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Papers: 23 Mar 2024 - 29 Mar 2024

2024 Mar 13



Editor's Pick

Biofilm exopolysaccharides alter sensory-neuron-mediated sickness during lung infection.


Granton E, Brown L, Defaye M, Moazen P, Almblad H, Randall TE, Rich JD, Geppert A, Abdullah NS, Hassanabad MF, Hiroki CH, Farias R, Nguyen AP, Schubert C, Lou Y, Andonegui G, Iftinca M, Raju D, Vargas MA, Howell PL, Füzesi T, Bains J, Kurrasch D, Harrison JJ, Altier C, Yipp BG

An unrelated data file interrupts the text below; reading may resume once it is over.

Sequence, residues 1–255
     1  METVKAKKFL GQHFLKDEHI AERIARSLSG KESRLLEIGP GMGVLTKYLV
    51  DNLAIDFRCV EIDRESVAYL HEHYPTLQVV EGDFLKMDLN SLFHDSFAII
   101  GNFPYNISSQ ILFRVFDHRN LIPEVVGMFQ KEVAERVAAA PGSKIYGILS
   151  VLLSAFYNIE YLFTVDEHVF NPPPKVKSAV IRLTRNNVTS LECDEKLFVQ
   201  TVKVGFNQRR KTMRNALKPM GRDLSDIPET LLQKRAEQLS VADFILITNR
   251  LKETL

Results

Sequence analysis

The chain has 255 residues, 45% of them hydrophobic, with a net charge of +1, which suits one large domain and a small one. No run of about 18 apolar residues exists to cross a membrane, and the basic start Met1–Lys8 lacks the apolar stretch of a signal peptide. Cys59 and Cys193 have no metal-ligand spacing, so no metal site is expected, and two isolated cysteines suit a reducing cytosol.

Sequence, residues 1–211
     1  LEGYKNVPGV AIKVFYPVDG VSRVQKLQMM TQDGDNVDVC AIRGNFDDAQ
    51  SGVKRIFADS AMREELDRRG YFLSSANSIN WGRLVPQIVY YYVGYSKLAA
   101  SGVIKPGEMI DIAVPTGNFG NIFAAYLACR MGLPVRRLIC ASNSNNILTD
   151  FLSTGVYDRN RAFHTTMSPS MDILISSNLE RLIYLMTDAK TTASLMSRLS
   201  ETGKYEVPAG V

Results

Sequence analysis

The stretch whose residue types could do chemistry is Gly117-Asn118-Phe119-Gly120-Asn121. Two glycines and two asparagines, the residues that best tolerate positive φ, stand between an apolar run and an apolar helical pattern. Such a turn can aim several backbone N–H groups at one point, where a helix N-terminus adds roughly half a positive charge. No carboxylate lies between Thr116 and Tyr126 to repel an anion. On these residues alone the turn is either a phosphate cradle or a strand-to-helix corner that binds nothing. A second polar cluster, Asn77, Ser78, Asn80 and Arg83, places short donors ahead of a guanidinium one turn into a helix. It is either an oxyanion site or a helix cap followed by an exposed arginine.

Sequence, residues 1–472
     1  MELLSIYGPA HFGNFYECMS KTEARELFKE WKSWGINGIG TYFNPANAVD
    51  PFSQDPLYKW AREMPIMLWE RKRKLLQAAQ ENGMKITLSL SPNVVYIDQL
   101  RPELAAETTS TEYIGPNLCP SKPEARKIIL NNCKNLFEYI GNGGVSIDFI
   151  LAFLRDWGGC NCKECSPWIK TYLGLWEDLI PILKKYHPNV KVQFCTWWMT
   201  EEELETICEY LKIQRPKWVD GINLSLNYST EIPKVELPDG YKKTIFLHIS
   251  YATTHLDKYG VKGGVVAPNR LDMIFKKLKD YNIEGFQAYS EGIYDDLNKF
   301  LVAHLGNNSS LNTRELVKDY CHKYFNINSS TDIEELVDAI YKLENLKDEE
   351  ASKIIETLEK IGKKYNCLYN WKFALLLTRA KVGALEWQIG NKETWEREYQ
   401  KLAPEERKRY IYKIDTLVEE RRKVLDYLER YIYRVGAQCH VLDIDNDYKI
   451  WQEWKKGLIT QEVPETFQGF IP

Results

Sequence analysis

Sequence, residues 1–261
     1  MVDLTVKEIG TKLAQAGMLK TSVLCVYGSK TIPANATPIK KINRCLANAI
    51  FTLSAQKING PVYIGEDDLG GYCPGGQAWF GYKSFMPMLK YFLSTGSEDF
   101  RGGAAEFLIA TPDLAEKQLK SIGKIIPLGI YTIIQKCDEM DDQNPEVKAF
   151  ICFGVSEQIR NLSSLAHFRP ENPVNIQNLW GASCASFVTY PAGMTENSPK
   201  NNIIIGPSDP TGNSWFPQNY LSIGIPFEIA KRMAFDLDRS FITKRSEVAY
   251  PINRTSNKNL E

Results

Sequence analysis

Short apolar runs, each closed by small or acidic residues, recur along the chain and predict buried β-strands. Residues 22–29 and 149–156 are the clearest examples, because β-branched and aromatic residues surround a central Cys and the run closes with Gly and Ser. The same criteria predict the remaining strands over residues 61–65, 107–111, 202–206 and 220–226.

Infections of the lung cause observable sickness thought to be secondary to inflammation. Signs of sickness are crucial to alert others via behavioral-immune responses to limit contact with contagious individuals. Gram-negative bacteria produce exopolysaccharide (EPS) that provides microbial protection; however, the impact of EPS on sickness remains uncertain. Using genome-engineered Pseudomonas aeruginosa (P. aeruginosa) strains, we compared EPS-producers versus non-producers and a virulent Escherichia coli (E. coli) lung infection model in male and female mice. EPS-negative P. aeruginosa and virulent E. coli infection caused severe sickness, behavioral alterations, inflammation, and hypothermia mediated by TLR4 detection of the exposed lipopolysaccharide (LPS) in lung TRPV1 sensory neurons. However, inflammation did not account for sickness. Stimulation of lung nociceptors induced acute stress responses in the paraventricular hypothalamic nuclei by activating corticotropin-releasing hormone neurons responsible for sickness behavior and hypothermia. Thus, EPS-producing biofilm pathogens evade initiating a lung-brain sensory neuronal response that results in sickness.